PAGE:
The Future of Development Sector in Pakistan post COVID-19

May 20, 2020
Posted in blog
May 20, 2020 Hira Mansoor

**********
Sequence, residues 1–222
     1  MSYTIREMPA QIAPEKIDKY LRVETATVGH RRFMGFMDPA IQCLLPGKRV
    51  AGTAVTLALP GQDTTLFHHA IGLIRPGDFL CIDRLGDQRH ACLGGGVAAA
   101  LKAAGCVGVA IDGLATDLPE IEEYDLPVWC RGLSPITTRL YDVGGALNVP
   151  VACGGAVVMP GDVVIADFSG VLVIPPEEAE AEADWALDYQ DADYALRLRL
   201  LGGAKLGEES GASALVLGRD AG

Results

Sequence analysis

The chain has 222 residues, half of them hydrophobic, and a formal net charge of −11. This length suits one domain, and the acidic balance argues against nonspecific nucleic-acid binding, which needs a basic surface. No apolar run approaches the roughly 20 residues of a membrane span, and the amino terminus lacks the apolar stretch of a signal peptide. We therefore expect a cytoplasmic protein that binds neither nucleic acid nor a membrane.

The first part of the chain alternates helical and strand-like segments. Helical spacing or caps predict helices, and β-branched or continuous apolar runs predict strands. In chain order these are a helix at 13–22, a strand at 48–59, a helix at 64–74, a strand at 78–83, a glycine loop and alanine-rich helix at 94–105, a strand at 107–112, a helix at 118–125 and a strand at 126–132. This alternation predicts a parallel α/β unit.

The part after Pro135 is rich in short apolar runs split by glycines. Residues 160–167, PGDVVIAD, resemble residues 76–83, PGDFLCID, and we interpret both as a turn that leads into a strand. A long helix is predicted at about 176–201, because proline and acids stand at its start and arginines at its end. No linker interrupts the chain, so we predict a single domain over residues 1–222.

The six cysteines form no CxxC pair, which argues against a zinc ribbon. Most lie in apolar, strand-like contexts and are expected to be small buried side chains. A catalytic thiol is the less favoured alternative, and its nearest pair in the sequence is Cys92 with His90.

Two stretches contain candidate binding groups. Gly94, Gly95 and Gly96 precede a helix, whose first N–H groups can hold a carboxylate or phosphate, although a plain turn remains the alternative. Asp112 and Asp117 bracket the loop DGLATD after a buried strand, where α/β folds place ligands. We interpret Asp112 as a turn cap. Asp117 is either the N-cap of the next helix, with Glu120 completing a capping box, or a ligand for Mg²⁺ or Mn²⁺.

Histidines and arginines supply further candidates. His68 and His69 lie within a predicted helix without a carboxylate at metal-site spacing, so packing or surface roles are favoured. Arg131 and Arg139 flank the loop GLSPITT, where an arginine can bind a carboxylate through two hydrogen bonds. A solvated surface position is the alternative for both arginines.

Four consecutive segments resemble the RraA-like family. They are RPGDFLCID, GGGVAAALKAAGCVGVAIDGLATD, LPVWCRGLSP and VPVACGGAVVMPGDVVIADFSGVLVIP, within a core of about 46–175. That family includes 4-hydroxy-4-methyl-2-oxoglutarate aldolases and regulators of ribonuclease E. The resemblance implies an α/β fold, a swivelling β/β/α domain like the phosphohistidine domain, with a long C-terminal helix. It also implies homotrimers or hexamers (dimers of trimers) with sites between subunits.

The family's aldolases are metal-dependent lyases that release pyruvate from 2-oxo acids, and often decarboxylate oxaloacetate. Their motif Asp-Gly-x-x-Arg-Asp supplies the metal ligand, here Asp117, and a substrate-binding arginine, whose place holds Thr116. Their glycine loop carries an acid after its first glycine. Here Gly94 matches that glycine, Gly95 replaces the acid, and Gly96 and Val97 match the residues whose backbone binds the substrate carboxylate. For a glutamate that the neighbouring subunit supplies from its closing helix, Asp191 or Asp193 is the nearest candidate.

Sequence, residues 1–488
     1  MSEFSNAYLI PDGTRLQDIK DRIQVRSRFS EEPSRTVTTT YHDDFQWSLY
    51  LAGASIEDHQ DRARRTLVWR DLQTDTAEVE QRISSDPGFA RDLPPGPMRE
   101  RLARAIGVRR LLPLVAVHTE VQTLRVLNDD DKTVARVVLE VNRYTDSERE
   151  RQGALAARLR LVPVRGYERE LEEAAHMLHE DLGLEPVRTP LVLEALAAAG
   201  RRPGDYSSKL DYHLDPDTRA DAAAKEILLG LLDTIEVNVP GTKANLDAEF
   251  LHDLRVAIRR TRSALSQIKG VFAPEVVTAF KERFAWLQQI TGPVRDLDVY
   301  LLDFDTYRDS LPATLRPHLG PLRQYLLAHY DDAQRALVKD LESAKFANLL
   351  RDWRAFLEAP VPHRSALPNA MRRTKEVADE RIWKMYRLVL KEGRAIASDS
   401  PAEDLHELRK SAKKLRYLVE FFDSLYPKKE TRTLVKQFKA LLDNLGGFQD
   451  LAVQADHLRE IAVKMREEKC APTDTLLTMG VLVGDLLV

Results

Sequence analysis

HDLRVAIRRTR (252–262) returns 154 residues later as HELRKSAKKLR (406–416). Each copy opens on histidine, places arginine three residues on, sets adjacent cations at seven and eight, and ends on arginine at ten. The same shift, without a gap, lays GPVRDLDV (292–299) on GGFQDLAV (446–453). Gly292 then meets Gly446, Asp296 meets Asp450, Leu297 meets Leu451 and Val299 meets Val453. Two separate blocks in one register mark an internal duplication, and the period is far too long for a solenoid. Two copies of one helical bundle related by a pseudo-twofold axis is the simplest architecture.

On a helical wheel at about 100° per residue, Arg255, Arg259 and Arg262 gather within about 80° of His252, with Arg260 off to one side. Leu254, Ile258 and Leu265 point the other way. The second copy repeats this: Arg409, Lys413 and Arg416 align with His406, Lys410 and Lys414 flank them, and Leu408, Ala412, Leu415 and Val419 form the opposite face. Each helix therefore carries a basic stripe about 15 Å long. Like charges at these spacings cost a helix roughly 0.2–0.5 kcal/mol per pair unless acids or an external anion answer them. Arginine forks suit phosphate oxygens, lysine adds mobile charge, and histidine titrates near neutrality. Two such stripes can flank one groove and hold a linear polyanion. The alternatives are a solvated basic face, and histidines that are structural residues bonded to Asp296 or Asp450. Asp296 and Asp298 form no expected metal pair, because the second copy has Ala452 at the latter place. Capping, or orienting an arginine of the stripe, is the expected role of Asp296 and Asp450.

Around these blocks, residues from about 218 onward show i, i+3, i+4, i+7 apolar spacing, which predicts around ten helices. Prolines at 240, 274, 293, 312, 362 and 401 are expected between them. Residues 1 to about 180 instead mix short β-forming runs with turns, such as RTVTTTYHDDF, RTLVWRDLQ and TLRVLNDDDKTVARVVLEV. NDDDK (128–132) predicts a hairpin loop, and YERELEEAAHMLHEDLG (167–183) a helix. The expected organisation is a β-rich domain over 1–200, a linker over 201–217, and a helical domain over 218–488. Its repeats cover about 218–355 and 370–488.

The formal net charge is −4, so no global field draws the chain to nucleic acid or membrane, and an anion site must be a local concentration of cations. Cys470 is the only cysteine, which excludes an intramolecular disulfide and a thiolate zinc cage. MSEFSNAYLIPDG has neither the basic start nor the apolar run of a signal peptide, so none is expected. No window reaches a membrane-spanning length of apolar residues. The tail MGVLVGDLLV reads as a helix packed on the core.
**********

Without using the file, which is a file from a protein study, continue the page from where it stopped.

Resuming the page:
The global health crisis caused due to the outbreak of COVID-19 has created devastating socio-economic impacts especially on the vulnerable population of Pakistan. With nearly one third of the population subsisting from daily and piece-rate wages, the COVID-19 response has necessitated an urgent and immediate strategy to protect those living in extreme poverty. With imposed lockdown to curb the spread of virus, millions of people have lost jobs. Pakistan needs to immediately prepare, respond and recover from the crippled economic conditions that has faced post pandemic. International donor organizations have started to redefine their missions to eradicate poverty, reduced inequalities, and building resilience to the crisis and shocks for the upcoming year and combat the aftereffects of COVID-19. Most important component of development sector in Pakistan is to uplift marginalized people through poverty eradication and create opportunities for equal access to education. This is where development sector’s role has flare-up its significance in a developing country like Pakistan. Globally, development professionals are connecting with each other through webinars to discuss the challenge of ‘The New World post COVID-19’. In these unprecedented times where unemployment is drastically rising and more people are moving below the poverty line, higher funding is required for the development sector to actively address these issues. National development organizations – well known for its outreach mechanism, shall play an effective role to prepare Pakistan in responding to the economic hardships and help communities rise out of abject poverty. It is evident that COVID-19 will have lasting health and economic effects beyond the effects of damage caused directly by the virus itself. It is the need of hour for development organizations to conduct more impact assessments on most vulnerable, design policy recommendations and propose program interventions, to feed into the national action plan for COVID-19.